Today there are websites, books and articles published about Chew Joo Chiat. Quite rightly the authors based their research on archival records, memories of old residents, but scan informations could be gleaned about my great grand-father from these writings. Futhermore, I discovered inaccuracies or gaps in these publications. I thought then that I should find out as much as I can for my children and grand children. Thus began the journey 'My road to Chew Joo Chiat'.
Chew Joo Chiat was born in 1857 at a place called HeShan (和山) in Fujian Province, China. His father was a peasant and he married very young. At age 20 he already had 2 sons Chew Cheng Lian 周请廉 Chew Cheng Swee 周请水 and 2 daughters Chew Xian Neo 周羡娘 Chew Su Lan周素蘭.
In 1877 at the age of 20 years, Chew Joo Chiat left his family in China and sailed to Singapore which took about 10 days by sailing boat. The boat was overcrowded and the people was badly treated. He landed in Singapore as a young man penniless. He experienced poverty and aimed to make a fortune for himself and also to better the lives of his family back home. He worked very hard to achieve his dream. Starting from a small business and endowed with resourcefulness and business acumen he became a successful businessman.
He married a Peranakan girl Tan Quan Neo 陈颧娘 in 1890 and a daughter Chew Quee Neo 周桂娘 was born in 1891. They were then living at No 475 Geylang Road. Towards the end of the 19th century he became a housing developer submitting plans to the authority to build shophouses and residential houses at Geylang Road 3 1/2 ms. opposite Paya Lebar Road. He went eastwards towards Changi Road and bought a piece of forested land owned by the Alsagoff family to grow spices such as gambier, nutmeg and pepper. Spices were in great demand by the Europeans then. He cleared the area of trees, short brushwood and lallang. The fallen trees were used as firewood to boil the gambier leaves in order to extract its commercial product. About 1900 he purchased the Confederate estate lands from the families of Dr Robert Little and others. His final foray of land for his spice plantation was in 1903. He bought more than one acre of land for $35,000.00 from Henry William Crane at Joo Chiat Place and Crane Road area. It is believed that Crane Road is named after HW Crane. When copra became the cash crop he turned his land into coconut plantations (The flesh inside the nut when dried became copra. Oil extracted from copra was used to manufacture many kinds of products from food to soap and shampoo).In 1913 he bought many freehold building allotments fronting the Confederate Estate Road to increase his land bank for housing development.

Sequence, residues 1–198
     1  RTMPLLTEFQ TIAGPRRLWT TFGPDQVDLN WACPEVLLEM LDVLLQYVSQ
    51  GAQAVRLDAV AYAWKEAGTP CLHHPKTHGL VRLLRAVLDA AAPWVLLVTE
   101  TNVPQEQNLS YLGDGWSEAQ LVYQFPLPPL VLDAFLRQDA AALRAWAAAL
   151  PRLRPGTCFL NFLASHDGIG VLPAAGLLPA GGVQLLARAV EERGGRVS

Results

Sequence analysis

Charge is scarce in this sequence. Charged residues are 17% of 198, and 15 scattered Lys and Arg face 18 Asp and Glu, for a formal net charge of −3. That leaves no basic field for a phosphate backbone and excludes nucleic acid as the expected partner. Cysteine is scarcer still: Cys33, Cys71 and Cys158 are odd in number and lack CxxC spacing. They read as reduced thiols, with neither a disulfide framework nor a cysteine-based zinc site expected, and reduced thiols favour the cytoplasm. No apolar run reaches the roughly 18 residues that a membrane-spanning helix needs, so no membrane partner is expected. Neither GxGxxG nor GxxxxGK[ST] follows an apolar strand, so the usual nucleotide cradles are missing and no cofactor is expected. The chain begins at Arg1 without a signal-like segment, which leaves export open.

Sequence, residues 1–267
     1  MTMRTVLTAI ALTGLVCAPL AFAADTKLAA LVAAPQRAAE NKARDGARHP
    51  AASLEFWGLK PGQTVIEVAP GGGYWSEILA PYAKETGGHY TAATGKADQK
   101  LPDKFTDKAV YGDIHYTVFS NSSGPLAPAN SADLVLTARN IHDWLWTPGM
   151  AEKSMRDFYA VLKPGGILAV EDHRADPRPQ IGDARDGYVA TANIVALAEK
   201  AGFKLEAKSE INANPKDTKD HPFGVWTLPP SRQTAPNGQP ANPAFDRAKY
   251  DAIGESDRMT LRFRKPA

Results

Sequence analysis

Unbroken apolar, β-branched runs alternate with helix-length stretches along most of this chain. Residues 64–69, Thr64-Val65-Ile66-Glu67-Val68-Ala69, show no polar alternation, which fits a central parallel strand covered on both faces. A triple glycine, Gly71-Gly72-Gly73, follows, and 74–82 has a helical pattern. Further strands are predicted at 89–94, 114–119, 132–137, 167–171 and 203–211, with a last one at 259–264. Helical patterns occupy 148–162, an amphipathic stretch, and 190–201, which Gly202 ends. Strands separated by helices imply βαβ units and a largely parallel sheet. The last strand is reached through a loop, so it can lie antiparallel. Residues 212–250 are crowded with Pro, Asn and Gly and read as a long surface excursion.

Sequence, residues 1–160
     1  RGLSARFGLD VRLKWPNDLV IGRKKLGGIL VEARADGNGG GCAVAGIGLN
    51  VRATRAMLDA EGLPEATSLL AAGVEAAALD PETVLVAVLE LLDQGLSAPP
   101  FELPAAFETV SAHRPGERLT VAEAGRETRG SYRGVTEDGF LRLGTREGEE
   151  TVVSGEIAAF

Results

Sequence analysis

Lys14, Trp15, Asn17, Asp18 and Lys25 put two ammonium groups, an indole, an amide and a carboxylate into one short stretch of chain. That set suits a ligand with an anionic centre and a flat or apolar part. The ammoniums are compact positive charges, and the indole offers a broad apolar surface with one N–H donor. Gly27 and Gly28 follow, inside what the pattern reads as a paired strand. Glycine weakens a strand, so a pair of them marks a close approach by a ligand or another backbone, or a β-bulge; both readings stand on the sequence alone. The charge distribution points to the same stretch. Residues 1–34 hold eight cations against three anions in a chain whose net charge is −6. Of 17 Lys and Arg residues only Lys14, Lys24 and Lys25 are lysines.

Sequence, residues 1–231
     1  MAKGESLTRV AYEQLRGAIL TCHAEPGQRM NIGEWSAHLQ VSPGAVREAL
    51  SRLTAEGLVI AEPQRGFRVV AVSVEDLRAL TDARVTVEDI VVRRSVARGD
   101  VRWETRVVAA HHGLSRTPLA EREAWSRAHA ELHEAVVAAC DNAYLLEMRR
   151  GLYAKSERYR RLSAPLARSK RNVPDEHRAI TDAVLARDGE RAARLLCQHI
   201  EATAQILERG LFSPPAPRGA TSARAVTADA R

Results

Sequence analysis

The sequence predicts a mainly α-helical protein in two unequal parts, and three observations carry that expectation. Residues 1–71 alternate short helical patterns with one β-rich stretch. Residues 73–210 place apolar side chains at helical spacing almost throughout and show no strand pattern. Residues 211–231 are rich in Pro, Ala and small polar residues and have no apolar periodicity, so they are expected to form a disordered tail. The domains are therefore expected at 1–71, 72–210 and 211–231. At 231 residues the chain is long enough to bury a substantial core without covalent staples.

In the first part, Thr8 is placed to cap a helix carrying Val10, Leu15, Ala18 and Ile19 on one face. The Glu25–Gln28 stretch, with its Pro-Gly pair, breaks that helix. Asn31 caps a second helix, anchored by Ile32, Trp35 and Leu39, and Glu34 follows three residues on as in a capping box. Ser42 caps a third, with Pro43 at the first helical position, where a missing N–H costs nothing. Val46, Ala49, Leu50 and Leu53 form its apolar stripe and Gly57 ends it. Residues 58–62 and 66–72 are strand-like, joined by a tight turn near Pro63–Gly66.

The east coast beach then was very popular with foreign expatriats as well as the rich and wealthy locals. Some of them had houses for their mistresses or concubines. As a result the shore line was dotted with seaside houses and holiday bungalows. There were sea pavalions with living quarters along the coast. Chew Joo Chiat owned one of them. Access to them was through a dirt track consisting of Joo Chiat Road, a short stretch of dirt track from Geylang Serai to Joo Chiat Terrace and Confedrate Estate Road from Joo Chiat Terrace all the way to the sea. It was owned and maintained by Chew Joo Chiat. In 1916 the Municipality wanted to buy from Chew the dirt track for the construction of a motor roadway. Initially he refused to sell it but on hindsight he saw the benefits of a road infra structure going through his coconut plantations. He not only could transport his copra to town faster for export but also increase the value of his land and properties. So, he bequeathed it to the Municipality without a compensation. In 1917 after the road had been paved, the Confederate Estate Road was renamed as Joo Chiat Road after Chew Joo Chiat for his generosity.
Construction of the new road to the east coast beach also coincided with the population growth in Singapore. The town area had become ovecrowded. The increased in population and the subsequent demand for housing resulted in the gradual fragmentation of the coconut plantations. Chew foresaw a housing boom and divided his land into building plots for the development of shophouses, terraced houses and bungalows. He also laid roads there. Many people moved to live in the east especially near the east coast. The Peranakans and the Eurasians form their enclave in Joo Chiat. The area became the best residential suburbs for the middle class, and is second only to Tanglin area.
By 1920, Chew was a well known landed property, coconut and rubber estates owner, principally in the districts of Siglap and Changi. The district of Siglap, was bounded by Joo Chiat Road/Marine Parade Road/Telok Kurau Road/Changi Road thus making one square area of his land.
The Singapore house, 1819-1942 by Lee Kip Lin
Notice (NL microfilm) 16 June 1908 Straits Times p.10
Property Sales (NL microfilm) 7 November 1913 Straits Times p.10
Property Sales (NL microfilm) 15 March 1916 Straits Times p.10
Joo Chiat Road (NL microfilm) 27 March 1917 Straits Times
Joo Chiat A Singapore name (NL microfilm) 8 October1948 p.4
History of Joo Chiat - June/July 1998 Contact p.18
Bukit Timah Rubber Estate (NL 1761)